silhouette of man playing golf during sunset
1 8 mins 2 yrs

The recent furore around golf social media gurus on YouTube, with TXG Tour Experience Golf being bought up by Club Champion and rumours about something similar happening with Rick Shiels Golf, has me wondering about the soul of golf. Many golf fans enjoy the offerings available via podcasts and YouTube for their daily fix of the white ball game. Corporate golf, in the form of retail chains and manufacturers, want some of this action to boost their sales and presence in the marketplace. Purchasing channels and sponsoring their product is their way of achieving this, but at what cost to the soul of the game?

Golf Courses Contain Soulful Elements

Golf is a special game and I think that a large part of this specialness is due to the soul of the game. I reckon that there is magic in them fairways, trees, ponds, greens, and sculptured course features. The game of golf can cast a spell upon those who tread its fairways and feel the breeze rustling through the foliage. The grass beneath your feet and the sky above enchant all of us who play within the green cathedral. The soul of golf is in the environment, ambience, and focused concentration involved in playing golf.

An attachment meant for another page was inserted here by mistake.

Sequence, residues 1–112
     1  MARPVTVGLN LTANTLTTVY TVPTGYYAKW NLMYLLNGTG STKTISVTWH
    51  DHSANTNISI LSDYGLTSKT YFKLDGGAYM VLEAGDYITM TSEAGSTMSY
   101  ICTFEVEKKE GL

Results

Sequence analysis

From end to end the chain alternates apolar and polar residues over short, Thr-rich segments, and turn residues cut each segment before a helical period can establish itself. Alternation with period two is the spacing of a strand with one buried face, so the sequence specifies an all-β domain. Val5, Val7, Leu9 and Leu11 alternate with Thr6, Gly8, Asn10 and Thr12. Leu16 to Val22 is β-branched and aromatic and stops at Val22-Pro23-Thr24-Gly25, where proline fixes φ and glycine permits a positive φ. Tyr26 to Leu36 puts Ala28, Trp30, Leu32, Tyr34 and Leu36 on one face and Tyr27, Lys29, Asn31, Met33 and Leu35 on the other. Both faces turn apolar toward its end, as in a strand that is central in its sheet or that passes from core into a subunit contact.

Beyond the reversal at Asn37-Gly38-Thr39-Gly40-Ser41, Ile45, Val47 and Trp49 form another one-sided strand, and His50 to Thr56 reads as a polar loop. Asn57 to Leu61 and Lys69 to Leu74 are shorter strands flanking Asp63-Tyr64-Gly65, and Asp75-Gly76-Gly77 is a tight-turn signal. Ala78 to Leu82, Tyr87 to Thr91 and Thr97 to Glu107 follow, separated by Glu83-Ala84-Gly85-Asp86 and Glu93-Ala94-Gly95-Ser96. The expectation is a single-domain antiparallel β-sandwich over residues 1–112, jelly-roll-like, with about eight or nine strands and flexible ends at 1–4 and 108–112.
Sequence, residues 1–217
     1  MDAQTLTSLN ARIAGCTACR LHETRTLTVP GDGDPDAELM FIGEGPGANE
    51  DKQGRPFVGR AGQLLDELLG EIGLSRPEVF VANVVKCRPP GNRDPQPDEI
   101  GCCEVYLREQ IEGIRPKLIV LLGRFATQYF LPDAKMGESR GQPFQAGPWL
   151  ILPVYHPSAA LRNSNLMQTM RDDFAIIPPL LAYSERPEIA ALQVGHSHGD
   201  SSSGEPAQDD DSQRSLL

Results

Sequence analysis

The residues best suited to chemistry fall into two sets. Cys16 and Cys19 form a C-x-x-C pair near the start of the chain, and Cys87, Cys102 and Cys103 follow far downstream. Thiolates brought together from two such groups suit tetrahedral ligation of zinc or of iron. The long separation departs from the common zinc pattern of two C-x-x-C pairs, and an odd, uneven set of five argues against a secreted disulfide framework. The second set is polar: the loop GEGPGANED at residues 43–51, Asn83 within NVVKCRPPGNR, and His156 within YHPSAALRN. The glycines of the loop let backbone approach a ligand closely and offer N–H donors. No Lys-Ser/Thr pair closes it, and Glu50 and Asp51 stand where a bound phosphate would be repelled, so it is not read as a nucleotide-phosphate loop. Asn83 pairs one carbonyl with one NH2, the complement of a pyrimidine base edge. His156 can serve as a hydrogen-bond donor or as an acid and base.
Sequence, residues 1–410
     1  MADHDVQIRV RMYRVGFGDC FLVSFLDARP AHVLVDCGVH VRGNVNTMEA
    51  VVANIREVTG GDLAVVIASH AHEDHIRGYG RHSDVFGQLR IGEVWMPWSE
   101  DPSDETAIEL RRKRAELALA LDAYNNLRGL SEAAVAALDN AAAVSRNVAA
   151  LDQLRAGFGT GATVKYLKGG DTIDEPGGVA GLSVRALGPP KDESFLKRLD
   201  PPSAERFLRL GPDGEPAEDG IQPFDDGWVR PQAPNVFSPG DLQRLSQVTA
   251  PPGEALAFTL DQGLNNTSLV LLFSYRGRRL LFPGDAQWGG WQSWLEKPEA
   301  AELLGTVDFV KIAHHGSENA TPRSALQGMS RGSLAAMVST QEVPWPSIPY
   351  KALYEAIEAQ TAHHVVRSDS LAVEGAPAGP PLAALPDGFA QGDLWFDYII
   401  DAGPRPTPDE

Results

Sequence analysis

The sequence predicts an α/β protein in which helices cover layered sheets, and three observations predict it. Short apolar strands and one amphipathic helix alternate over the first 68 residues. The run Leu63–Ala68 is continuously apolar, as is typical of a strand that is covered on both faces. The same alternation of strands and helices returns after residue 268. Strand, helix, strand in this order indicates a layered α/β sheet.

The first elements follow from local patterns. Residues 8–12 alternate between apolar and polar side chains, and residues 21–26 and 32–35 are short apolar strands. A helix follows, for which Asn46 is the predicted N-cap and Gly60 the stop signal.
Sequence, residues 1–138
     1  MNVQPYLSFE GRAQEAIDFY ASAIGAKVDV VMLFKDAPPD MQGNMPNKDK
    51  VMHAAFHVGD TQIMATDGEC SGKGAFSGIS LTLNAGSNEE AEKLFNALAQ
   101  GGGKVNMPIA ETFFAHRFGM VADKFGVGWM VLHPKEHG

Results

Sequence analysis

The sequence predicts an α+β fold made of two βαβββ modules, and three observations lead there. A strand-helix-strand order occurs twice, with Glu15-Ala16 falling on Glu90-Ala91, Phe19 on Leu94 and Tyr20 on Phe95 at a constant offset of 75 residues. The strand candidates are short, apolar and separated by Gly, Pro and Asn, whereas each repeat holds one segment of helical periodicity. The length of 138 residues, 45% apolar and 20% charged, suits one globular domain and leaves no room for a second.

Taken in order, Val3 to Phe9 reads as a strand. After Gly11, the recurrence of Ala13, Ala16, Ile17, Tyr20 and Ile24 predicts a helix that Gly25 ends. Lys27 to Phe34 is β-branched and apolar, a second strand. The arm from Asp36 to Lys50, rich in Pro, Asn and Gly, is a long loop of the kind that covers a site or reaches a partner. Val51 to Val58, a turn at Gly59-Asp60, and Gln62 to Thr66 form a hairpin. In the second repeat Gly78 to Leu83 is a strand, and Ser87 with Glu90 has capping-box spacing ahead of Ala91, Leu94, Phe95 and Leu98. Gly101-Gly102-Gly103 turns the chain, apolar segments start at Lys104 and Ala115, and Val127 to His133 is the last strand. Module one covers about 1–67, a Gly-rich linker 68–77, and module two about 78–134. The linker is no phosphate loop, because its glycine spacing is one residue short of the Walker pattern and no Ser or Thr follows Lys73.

The Soul of Golf

The Sole Focus of Golf

The focus required to play golf at a competent level is akin to that mysterious Zen meditation referred to in the orient. Aiming at a target, a flapping flag on a green in the distance, gets one in the zone. Performing a swing with a golf club is like a ritual dance, where the sequence of moves must be executed with tempo and rhythm. The golfer wants to block out all those extraneous thoughts and mental chatter to clear the decks for a perfect strike of the golf ball. Playing golf is tinged with magic and madness in these intense moments of complete focus.

Many golfers become devotees of this at times maddening game.

Empty Your Busy Mind Before You Swing